Elon Musk is suing OpenAI and Sam Altman: here is why

Elizabeth Smith

The technological world, in recent times, has been filled not only with the usual and beautiful innovations, but also with very long controversies. Once again Elon Musk places himself at the center of one of them. This time he is suing OpenAI, the developer of ChatGPT.

Elon Musk sues Sam Altman and OpenAI: here’s why

At the beginning of March 2024, Elon Musk filed a lawsuit in a San Francisco court targeting the company OpenAI, as well as its CEO, Sam Altman, and its president, Greg Brockman.

OpenAI, for those who aren’t aware, is the company that developed ChatGPT, the well-known AI capable of starting a real technological revolution. A new course made of innovations and new conveniences, but also of the now known dangers of Artificial Intelligence.

But let’s go back to the cause, and above all to its reason. Elon Musk believes that OpenAI has managed to create “Artificial General Intelligence” (AGI), i.e. a special AI that can even equal or surpass human intelligence. And it accuses the company of having handed over the user license to Microsoft.

The heart of the cause lies, according to Musk, in the founding agreement of the OpenAI company (drafted when he was also present). Within it the commitment to create AGIs with open development and for the benefit of humanity was cited. The tycoon believes that by instead selling the license to Microsoft, OpenAI has veered towards profit and has failed to meet its commitments.

This event represents yet another chapter in the disputes between Musk and OpenAI. The Tesla magnate had contributed to the foundation in 2015. But in 2017 there were strong disagreements between him, Altman and Gregman, when Musk wanted to take control of the company. In 2018 he therefore resigned, but he never stopped expressing his dissent, with prolonged criticism.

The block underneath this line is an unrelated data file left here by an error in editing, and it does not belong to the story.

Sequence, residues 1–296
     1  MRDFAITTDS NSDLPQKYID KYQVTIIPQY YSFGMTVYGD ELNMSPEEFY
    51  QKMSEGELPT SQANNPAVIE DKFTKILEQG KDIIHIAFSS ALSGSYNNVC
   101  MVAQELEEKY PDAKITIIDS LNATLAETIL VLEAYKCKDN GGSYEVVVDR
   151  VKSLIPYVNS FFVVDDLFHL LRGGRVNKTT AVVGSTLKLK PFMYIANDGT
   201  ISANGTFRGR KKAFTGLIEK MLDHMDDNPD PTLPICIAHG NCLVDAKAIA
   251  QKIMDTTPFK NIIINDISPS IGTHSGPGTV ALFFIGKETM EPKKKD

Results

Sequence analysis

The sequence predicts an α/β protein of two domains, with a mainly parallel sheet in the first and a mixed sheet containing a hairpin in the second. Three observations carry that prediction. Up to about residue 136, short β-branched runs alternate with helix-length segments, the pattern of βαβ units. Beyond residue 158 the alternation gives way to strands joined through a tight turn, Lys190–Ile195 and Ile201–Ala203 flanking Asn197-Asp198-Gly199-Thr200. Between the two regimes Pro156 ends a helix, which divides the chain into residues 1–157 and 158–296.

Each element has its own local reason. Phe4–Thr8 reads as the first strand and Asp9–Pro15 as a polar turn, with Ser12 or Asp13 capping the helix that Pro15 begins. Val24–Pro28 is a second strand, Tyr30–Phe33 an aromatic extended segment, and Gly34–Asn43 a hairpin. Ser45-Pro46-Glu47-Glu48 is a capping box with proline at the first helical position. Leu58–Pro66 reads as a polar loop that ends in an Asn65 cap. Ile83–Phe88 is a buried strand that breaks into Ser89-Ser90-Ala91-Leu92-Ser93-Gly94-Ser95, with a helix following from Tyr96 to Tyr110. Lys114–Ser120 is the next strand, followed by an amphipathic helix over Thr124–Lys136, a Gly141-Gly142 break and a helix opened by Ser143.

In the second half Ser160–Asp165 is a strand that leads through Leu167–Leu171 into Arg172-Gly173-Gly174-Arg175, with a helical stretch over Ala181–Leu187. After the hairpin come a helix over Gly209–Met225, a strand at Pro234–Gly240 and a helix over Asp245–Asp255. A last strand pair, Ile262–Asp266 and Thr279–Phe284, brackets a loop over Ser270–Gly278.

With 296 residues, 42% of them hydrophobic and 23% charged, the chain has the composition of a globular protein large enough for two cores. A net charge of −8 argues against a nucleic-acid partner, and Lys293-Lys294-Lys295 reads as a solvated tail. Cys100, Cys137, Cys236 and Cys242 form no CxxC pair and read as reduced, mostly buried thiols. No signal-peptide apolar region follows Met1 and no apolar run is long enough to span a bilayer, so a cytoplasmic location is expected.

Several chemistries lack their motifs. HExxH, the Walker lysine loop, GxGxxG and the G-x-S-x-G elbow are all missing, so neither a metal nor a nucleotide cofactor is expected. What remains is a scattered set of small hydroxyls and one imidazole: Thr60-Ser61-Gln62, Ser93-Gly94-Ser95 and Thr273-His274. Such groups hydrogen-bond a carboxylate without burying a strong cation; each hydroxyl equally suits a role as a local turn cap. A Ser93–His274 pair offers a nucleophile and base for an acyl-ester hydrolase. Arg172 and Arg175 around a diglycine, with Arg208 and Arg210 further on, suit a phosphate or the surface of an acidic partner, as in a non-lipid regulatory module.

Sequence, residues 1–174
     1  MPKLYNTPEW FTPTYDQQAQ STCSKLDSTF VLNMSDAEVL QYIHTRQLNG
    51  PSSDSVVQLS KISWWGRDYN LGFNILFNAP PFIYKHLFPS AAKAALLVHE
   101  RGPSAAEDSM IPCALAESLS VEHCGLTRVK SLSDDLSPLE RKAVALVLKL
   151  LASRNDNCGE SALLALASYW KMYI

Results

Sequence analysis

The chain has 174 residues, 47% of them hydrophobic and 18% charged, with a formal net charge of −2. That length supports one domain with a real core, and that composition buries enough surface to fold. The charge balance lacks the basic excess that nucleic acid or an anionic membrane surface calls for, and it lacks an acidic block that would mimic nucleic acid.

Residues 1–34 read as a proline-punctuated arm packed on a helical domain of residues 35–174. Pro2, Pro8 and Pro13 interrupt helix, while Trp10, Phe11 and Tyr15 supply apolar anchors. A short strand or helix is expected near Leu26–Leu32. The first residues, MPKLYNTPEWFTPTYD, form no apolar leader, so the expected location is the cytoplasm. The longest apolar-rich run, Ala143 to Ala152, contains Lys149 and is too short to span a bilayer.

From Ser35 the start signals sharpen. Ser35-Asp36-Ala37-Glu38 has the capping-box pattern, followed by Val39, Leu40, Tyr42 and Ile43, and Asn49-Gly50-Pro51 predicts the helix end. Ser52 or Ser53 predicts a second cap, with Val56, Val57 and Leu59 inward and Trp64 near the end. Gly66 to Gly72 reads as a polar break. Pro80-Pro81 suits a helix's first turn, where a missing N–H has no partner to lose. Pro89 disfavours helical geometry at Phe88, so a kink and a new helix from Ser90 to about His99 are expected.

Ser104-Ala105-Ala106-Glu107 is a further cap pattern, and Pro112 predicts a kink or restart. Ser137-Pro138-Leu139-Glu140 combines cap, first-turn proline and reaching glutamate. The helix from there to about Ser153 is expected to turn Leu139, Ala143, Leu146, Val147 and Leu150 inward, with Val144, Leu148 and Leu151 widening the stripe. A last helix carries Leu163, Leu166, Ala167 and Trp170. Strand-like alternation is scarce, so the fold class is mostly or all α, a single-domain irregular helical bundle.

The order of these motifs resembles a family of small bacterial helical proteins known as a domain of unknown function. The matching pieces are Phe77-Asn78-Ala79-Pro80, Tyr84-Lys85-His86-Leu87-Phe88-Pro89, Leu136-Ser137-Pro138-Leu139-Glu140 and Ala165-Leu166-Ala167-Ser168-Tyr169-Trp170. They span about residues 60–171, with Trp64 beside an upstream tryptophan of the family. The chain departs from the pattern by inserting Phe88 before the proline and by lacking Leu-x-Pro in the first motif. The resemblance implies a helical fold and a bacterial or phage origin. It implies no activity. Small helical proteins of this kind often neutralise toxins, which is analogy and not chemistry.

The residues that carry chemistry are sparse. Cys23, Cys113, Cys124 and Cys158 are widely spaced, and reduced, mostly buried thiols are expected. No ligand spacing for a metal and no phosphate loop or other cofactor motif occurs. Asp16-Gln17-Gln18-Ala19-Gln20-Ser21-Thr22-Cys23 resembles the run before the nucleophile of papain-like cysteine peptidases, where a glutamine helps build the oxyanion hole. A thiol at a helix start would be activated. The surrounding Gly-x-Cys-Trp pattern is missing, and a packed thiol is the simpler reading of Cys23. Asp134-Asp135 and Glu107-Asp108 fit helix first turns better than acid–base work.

What Elon Musk’s lawsuit means to OpenAI

As much as a lawsuit between a tycoon and a huge company makes the news, first of all the motivation within it is not as strong as it is in other large disputes. There are at least a couple of reasons.

First of all, as testified by several industry experts, there is the question of what an AGI really is and whether GPT really falls within it. For example, Oren Etzioni, a professor at the University of Washington, argues that the new GPT-4 is a general model, but “obviously it is not an AGI.”

Christopher Manning of Stanford University, then, relies on the definition according to which an AGI should surpass all human beings in any task, and thus testifies that “we don’t have AGI and we are still very far away”. He also adds that Musk’s thesis will be seen as “absurd”. These views are supported by the enormous amounts of errors still made by AI.

If GPT-4 is not in effect an AGI, the main motivation for Musk’s lawsuit is lost, making the legal action insubstantial. He adds that although OpenAI has been operating more for-profit lately, its non-profit nature is actually still present.

In short, at the moment it seems unlikely that there will be consequences, at least immediate or important, following Elon Musk’s lawsuit against OpenAI. We will find out in the future what he will decide to counter the company, if he deems it necessary.

Read also: Google launches Lumiere, the new AI for creating videos: when it comes out and how it works

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